Challenger and Car Seats

There are three complete sets of LATCH child-seat connections in the Challenger. The back seat’s tether anchors are all easy to locate, but its lower anchors are more challenging to use. The lower anchors are deeply recessed in the seat cushions, and it's especially difficult to attach a child safety seat in the middle-seat position. The Insurance Institute for Highway Safety gave the Challenger’s LATCH system the second-highest rating of Acceptable for ease of use.

Challenger Interior Quality

Retro touches blend nicely with modern technology in the Challenger's cockpit. Most reviewers describe the cabin as handsome and well-built. Overall, this is a comfortable, quiet coupe that is a great road-tripper.

Challenger Cargo Space

The Challenger's 16.2-cubic-foot trunk is one of the largest one in its class. In fact, it comes in just shy of the Dodge Charger's.

Challenger Infotainment, Bluetooth, and Navigation

Nestled in the Challenger's vintage-styled dash is a high-tech infotainment system. The Uconnect system – found in many Fiat Chrysler Automobiles (FCA) models – draws lots of praise for its straightforward and user-friendly interface. As a bonus, every trim level comes with Apple CarPlay and Android Auto for integration to your smartphone.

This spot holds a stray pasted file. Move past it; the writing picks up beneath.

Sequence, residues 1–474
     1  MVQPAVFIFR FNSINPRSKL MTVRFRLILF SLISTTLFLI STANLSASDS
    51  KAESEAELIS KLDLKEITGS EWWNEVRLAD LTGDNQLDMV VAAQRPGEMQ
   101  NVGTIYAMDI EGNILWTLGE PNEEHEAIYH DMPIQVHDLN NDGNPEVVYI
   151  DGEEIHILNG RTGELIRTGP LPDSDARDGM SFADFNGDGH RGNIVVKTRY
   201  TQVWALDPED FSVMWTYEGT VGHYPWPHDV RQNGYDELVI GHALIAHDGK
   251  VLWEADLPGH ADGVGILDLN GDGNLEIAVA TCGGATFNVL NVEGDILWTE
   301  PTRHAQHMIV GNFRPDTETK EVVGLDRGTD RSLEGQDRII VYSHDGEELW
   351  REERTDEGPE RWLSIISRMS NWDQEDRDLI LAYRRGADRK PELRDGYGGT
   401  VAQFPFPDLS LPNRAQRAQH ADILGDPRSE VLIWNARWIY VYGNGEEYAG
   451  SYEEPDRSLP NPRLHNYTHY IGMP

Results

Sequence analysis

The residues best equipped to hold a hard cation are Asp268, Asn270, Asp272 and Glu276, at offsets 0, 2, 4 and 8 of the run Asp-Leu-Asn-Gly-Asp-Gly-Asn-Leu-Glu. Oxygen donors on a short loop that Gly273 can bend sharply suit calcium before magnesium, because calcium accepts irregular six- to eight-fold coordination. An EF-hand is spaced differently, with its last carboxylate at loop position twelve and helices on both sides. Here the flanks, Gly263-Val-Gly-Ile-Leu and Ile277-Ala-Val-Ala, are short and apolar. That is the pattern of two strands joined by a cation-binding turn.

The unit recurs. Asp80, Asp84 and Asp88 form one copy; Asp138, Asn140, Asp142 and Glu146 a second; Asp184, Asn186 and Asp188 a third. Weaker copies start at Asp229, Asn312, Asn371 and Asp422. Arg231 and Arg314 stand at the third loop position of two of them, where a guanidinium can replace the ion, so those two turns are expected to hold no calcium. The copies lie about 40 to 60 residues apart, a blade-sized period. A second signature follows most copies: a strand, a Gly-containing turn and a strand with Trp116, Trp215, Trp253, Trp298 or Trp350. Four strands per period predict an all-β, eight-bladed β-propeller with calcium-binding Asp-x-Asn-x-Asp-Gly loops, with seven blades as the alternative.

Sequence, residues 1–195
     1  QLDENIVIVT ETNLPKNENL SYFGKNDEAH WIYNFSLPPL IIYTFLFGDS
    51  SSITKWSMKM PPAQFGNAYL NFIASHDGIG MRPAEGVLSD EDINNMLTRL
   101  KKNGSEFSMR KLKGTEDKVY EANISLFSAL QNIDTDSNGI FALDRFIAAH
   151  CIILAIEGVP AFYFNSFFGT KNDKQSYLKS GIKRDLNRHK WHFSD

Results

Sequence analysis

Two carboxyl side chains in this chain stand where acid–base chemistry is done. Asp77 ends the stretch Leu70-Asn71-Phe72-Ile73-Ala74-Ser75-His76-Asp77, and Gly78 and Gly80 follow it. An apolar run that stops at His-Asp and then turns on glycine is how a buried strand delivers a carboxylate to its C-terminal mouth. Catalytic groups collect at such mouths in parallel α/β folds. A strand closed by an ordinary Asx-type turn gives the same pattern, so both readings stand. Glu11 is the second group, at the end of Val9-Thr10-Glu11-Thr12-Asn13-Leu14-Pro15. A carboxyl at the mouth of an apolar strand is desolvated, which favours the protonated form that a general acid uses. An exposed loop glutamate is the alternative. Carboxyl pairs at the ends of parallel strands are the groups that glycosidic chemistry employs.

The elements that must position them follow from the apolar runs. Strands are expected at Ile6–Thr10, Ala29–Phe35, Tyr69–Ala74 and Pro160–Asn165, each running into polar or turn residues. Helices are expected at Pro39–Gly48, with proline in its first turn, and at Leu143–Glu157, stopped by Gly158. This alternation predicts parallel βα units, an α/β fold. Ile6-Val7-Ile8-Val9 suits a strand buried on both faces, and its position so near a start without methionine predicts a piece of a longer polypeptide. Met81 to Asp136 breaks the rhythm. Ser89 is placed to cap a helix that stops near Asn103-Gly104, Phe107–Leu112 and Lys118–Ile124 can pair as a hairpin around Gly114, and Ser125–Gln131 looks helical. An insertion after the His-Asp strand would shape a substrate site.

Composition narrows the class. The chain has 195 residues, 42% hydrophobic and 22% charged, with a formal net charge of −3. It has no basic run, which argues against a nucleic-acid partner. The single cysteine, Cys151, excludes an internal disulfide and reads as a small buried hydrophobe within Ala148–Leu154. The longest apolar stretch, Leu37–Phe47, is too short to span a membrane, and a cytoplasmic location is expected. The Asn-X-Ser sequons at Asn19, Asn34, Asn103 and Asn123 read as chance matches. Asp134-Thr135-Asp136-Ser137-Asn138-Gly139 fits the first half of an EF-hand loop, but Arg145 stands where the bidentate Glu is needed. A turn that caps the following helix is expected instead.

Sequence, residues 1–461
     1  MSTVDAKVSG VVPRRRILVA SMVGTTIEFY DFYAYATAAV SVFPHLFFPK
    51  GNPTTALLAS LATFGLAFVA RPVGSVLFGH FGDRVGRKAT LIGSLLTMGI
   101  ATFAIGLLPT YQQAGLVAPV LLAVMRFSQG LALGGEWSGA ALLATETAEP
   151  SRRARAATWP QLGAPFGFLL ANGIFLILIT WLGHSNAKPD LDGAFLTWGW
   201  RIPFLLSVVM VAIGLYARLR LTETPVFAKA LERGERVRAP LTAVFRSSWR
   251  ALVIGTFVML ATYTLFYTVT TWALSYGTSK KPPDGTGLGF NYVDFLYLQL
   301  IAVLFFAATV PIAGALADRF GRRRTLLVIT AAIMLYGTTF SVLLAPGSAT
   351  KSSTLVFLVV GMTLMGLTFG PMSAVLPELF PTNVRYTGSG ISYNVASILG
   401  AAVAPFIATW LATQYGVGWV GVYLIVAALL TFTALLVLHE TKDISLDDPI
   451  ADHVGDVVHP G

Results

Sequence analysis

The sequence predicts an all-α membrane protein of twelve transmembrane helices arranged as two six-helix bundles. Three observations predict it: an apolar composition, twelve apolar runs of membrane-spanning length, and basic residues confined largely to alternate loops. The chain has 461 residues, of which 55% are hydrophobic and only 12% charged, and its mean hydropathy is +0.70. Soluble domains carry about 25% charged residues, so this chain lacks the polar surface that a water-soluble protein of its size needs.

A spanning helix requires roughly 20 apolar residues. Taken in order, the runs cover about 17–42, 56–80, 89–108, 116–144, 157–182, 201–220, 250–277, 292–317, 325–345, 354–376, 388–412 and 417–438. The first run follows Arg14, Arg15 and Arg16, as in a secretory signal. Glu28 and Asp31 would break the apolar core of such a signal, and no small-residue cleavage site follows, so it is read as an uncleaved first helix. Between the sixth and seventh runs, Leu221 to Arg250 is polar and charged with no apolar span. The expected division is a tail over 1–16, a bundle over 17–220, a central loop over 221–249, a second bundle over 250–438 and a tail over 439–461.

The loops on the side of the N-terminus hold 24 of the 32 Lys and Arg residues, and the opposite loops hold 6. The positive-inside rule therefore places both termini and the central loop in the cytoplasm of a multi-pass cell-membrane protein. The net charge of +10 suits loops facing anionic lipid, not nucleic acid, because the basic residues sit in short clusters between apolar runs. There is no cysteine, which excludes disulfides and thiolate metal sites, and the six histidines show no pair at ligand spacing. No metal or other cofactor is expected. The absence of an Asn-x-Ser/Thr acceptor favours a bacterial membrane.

Read more about interior »

Challenger Performance

Challenger Engine: A Ferocious Lineup  

At the core of every Challenger is a meaty engine. Horsepower starts at 305, the rating of the base 3.6-liter V6 engine. Craving more power? Try one of the four available Hemi V8s. Engine options include the 375-horsepower R/T, 485-horsepower R/T Scat Pack, and 717-horsepower Hellcat.

The king of this mountain is the Hellcat Redeye. It sources the discontinued Hellcat Demon's vicious V8, which has now been retuned to 797 horsepower and 707 pound-feet of torque. It can run a quarter-mile race in 10.8 seconds (at 131 mph), and has a top speed of 203 mph. Ultimately, there's no wrong choice here. Every Challenger engine delivers smooth, satisfying power. 

Challenger Gas Mileage: Not Built for Fuel Efficiency

The base Challenger engine has below-average fuel economy ratings, but that's partly because most other sports cars come with four-cylinder engines. This V6 gets 19 mpg in the city and 30 mpg on the highway. Gas mileage ratings for the Hemi V8 engines range between 13-16 mpg in the city, and 21-25 mpg on the highway.